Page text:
Air travel has transformed the way companies do business, building quick, effective travel routes that allow organisations to create
networks all over the world. But international travel comes at a cost to the environment; a cost that both individuals and corporations
are becoming increasingly aware of, and concerned about.
In May 2019, air travel reached its peak, with over 9,000
flights taking to UK skies in just one day – ironically, the same day as schoolchildren around the world took part in a climate change protest.
For many people, this moment was a catalyst for change.
But how can companies reduce their carbon footprint when, realistically, they need to still take business flights? Let’s take a closer look…
The escalating impact of aircraft pollution
There’s no doubting the significant impact that air travel is having on the environment; when you combine the global CO2 emissions and water vapour trails
from aircraft, flights are responsible for around 5%
of all global warming.
And while many planes have been developed to become more fuel efficient, the sheer volume of flights being taken has led to a
32% increase in carbon
dioxide emissions from commercial flights between 2013 and 2018 – a much higher rise than initially predicted.
With business travellers more likely to fly frequently than those travelling for a personal holiday, it’s important that the corporate sector takes these statistics
seriously, and looks at ways to reduce their flight-related environmental footprint.
4 ways to reduce the impact of corporate travel
The fundamental challenge most companies face is that they want to understand how much their air travel impacts the environment, but they don’t have the right
tools in place.
To overcome this obstacle, an increasing number of professional organisations are investing in climate impact tools. These
tools use travel tracking software to map all journeys taken by employees over a period of time, to calculate the exact carbon footprint being generated.
Travel tracking is a great way to benchmark a company’s climate change contribution, but how can organisations use these insights to make improvements? Here
are a few ideas:
Cut back on air travel – recent restrictions on global movement during the coronavirus pandemic forced many organisations to swap in-person
trips for video conferencing and telephone calls.
Now it has been proven that business can be conducted remotely, firms have an opportunity to change their approach to corporate travel and reduce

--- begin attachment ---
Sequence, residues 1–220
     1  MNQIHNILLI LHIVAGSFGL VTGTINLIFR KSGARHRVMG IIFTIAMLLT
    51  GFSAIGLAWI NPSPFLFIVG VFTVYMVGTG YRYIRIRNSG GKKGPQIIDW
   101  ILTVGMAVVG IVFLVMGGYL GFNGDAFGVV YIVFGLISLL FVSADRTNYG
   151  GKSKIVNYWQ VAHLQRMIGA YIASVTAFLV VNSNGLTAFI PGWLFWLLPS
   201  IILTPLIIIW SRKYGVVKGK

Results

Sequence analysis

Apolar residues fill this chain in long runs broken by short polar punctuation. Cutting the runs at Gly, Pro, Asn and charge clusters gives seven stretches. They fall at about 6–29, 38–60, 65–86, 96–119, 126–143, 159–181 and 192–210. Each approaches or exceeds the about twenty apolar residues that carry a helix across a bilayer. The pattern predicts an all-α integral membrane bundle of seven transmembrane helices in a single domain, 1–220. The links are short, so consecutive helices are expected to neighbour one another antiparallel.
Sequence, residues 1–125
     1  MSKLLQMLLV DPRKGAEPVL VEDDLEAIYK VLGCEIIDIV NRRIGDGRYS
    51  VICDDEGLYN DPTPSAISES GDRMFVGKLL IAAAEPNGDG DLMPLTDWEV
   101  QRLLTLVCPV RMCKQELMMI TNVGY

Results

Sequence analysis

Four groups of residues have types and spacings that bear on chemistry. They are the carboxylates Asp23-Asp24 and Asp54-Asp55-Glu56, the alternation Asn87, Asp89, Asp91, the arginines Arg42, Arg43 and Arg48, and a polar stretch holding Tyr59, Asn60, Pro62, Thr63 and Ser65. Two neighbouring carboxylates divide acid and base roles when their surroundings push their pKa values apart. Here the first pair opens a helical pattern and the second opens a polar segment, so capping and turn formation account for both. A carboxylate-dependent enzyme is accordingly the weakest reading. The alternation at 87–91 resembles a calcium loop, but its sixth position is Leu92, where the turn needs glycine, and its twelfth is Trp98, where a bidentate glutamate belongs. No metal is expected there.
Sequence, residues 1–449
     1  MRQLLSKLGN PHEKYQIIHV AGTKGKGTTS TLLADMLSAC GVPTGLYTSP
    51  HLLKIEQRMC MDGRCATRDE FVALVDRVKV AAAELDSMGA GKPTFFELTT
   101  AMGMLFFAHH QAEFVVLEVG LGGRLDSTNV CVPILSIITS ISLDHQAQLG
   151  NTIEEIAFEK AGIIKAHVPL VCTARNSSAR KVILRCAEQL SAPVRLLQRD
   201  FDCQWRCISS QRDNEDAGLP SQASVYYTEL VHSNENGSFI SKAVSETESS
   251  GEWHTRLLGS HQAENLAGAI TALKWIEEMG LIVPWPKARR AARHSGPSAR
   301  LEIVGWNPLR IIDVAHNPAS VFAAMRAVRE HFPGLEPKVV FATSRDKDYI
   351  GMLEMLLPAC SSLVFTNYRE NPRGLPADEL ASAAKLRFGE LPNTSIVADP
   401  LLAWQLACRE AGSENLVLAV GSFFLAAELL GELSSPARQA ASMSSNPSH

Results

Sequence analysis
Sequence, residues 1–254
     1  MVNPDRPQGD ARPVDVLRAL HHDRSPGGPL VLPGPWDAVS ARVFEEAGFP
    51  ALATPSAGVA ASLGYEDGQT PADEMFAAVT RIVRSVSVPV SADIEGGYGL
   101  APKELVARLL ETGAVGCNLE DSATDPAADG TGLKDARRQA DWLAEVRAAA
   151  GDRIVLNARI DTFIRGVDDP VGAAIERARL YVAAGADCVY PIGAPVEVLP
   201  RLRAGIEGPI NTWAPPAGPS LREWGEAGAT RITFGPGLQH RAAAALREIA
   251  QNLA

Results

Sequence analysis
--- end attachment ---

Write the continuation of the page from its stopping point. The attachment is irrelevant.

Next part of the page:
their annual air mileage.
Choose greener aircraft – while most businesses can afford to cut back on international travel, there will still be occasions where corporate
trips are necessary. In these scenarios, climate impact tools can help companies to make effective decisions about which airline carriers to travel with.
While every aeroplane emits a certain level of greenhouse gas emissions, some types of aircraft are more fuel efficient than others. For example,
aircraft such as the Boeing 787, 737 Max, Airbus A20neo and A350 use up to 25% less fuel than older aircraft.
Choosing airlines that predominantly fly more fuel-efficient planes will also push other suppliers to invest in newer, cleaner aircraft, improving
emissions across the market.
Be more strategic about business trips – in addition to choosing greener aircraft, there are other ways in which organisations can reduce the
climate impact of overseas trips.
For example, it’s better for the environment for firms to send one representative abroad rather than two, who can report back to the wider team.
Equally, it makes sense to combine client trips in the same or nearby regions; staff might be away for slightly longer, but they will travel less
frequently during the year as a result.
Carbon offset - for unavoidable trips, companies can work with their travel tracking technology provider to
develop carbon offsetting programmes, which support environmentally positive initiatives that counteract the impact of travel emissions.
Progress over perfection
Travelling less will always be the easiest way for businesses to increase their eco-friendly credentials, but this isn’t always a realistic or practical
option for companies.
With the support of climate impact technology , businesses can calculate and analyse their carbon footprint, to
understand the environmental impact of travel activity. With the right technology partner, they can then develop strategies to reduce this footprint –
from choosing air travel providers that operate more fuel-efficient aircraft, to carbon offsetting essential travel.
By adopting this ‘progress over perfection’ approach, companies will be able to take small but significant steps towards tackling climate change,
without impacting day-to-day performance or banning business flights altogether.
To see how climate impact tools can benchmark your carbon footprint and help you choose fuel-efficient airlines, book a free Voyage Manager demo.